Kansas City Federal Reserve Bank President Thomas Hoenig made some interesting remarks in Santa Fe, New Mexico, about the long-term risks that are created when money and credit are easy for too long, keeping rates near zero (like now in the United States).
He also talked about when financial imbalances put macroeconomic and financial instability at risk.
Hoenig has dissented at the past two Federal Open Market Committee meetings, arguing that the FOMC should not promise to keep rates low for an “extended period.”
When we accept the premise that the United States is slowly, but definitively, moving toward recovery, why should the Fed run the risk of raising interest rates too late and putting the economy in significant long-term danger?
Hoenig expects U.S. GDP to grow at 3 percent in 2010.
Labor markets now seem to have stabilized, along with the unemployment rate.
Consumer spending is improving and is expected to increase at 3 percent during the first quarter, which is critical because consumer spending accounts for about 70 percent of GDP.
The manufacturing sector is following consumer spending and production higher and has increased 8 percent since hitting bottom last summer. Business spending on equipment and software also seems to be picking up.
The weaker links remain residential and non-residential construction, where private investment in non-residential building has fallen at an annualized rate of 25 percent in the last three months and is expected to fall further in the foreseeable future.
Hoenig expects inflation to remain low for the next year or two.
No doubt, the current state of the U.S. economy still warrants an accommodative Fed monetary policy. But there are justified concerns about the possibility of a buildup of financial imbalances that will create long-term risks.
Nobody disagrees that low interest rates stimulate sensitive factors of the economy, but we also must admit that low interest rates distort the allocation of resources in the economy.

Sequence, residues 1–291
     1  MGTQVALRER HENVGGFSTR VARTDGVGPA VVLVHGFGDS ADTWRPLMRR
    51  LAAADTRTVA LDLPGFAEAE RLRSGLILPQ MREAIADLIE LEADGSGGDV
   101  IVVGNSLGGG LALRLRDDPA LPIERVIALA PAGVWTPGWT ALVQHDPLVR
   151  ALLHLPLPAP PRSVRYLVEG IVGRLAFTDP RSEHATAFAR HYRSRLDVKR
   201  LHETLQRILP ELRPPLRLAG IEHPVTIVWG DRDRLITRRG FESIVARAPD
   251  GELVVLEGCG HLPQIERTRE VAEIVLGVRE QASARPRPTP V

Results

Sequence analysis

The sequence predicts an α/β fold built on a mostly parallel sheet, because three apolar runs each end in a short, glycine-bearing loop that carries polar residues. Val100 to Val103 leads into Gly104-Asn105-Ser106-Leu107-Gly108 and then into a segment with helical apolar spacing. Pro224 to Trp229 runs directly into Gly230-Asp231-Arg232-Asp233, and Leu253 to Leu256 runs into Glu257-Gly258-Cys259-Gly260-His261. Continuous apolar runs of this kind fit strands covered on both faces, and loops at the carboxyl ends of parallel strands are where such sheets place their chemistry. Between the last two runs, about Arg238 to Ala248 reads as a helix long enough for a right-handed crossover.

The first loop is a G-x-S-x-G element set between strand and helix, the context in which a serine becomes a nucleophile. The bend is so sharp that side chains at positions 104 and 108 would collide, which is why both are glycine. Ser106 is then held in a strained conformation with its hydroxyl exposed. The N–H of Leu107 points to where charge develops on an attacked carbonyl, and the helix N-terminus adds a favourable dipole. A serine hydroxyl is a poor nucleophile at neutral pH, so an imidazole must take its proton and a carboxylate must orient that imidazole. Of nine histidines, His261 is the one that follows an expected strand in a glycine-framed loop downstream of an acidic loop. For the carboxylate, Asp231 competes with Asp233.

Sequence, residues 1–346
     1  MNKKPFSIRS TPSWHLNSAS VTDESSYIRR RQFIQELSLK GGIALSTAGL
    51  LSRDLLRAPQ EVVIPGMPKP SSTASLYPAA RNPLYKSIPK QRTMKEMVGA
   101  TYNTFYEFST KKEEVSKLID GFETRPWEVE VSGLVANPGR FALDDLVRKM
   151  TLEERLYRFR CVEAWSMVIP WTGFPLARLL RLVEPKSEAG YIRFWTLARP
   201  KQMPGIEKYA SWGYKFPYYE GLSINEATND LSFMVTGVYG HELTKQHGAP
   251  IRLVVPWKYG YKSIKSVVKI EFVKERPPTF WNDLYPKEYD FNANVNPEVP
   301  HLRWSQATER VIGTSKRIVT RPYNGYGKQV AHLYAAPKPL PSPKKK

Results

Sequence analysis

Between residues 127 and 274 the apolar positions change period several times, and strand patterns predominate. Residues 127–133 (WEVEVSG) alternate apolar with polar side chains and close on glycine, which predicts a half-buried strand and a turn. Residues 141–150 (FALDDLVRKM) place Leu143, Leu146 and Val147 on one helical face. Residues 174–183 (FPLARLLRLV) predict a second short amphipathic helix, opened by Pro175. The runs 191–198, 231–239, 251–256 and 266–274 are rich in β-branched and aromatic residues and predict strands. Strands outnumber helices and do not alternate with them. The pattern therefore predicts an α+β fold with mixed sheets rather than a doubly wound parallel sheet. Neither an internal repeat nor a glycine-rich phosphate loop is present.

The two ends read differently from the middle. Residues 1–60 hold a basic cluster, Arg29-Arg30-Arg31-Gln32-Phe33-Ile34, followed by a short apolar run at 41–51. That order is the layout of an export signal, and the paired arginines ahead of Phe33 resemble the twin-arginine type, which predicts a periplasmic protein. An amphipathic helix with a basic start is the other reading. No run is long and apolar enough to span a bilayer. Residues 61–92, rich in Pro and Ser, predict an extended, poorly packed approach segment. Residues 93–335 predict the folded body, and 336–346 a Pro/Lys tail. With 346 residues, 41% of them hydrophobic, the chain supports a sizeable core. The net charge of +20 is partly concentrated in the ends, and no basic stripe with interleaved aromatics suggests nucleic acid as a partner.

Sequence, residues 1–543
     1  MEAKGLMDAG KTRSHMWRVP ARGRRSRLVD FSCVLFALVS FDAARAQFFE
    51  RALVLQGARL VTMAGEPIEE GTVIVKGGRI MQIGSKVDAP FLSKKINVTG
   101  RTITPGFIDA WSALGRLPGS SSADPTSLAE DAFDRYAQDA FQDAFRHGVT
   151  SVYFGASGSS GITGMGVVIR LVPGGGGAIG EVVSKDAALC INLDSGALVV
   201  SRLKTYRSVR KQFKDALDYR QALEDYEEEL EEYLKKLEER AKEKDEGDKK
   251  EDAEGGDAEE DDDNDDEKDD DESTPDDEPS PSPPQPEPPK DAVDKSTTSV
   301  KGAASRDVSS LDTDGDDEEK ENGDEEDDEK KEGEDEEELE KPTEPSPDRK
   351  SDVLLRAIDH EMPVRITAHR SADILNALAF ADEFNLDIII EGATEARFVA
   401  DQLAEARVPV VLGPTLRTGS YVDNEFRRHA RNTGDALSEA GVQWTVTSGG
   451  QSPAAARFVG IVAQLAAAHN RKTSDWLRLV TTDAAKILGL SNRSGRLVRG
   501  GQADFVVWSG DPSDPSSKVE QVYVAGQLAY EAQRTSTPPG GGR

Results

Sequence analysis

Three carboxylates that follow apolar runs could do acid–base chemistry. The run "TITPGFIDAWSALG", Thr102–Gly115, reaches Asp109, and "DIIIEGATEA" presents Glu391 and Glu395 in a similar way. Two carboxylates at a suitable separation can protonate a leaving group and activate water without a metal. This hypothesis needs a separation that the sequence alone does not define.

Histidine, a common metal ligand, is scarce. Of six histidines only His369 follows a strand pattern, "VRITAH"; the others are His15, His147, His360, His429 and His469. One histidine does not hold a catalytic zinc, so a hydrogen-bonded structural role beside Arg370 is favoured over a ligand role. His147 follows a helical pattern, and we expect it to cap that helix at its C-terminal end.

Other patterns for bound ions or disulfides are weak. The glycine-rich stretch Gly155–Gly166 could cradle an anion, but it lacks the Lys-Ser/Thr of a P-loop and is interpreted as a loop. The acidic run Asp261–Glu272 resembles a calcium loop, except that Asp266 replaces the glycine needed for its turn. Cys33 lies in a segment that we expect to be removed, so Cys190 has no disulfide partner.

During the last decade, we have seen too many resources channeled into financial market activities and real estate construction (residential and non-residential).
Today, we see a Federal Reserve System balance sheet that is more than twice its size of two years ago.
The actual Fed policy statement suggests that rates will remain at near zero for at least six more months, encouraging investors to place bets relying on the continuation of the extended easy monetary policy.
These low rates also will help create financial imbalances for all investors, private as well as institutional, who are searching for yields. That will drive them to invest in less-liquid assets using short-term sources of funds, which is extremely hazardous as history and logic have taught us.
If the Fed doesn’t revise its monetary policy (even only to a very small extent) sooner rather than later, we will be in bubble-land … once again. And that bubble will inevitably pop … once again.
Maybe Fed officials (with the exception of Hoenig) are confident that the long-term risks of financial imbalances caused by an extended easy monetary policy are quite small and that any risks that occur will be handled quickly and efficiently.
I have my doubts that they will be able to reverse the consequences once the economy goes beyond recovery and far into expansion.
OK, I agree. That time won’t be tomorrow but sometime in the future.
So we shouldn’t worry too much.
I sincerely hope the Fed officials are correct.
Otherwise, we will have to battle greater inflation, significant credit and market imbalances and probably another financial crisis that would probably have the economic effect of an eight-plus earthquake.
Yes, I know.
We still don’t have to worry.
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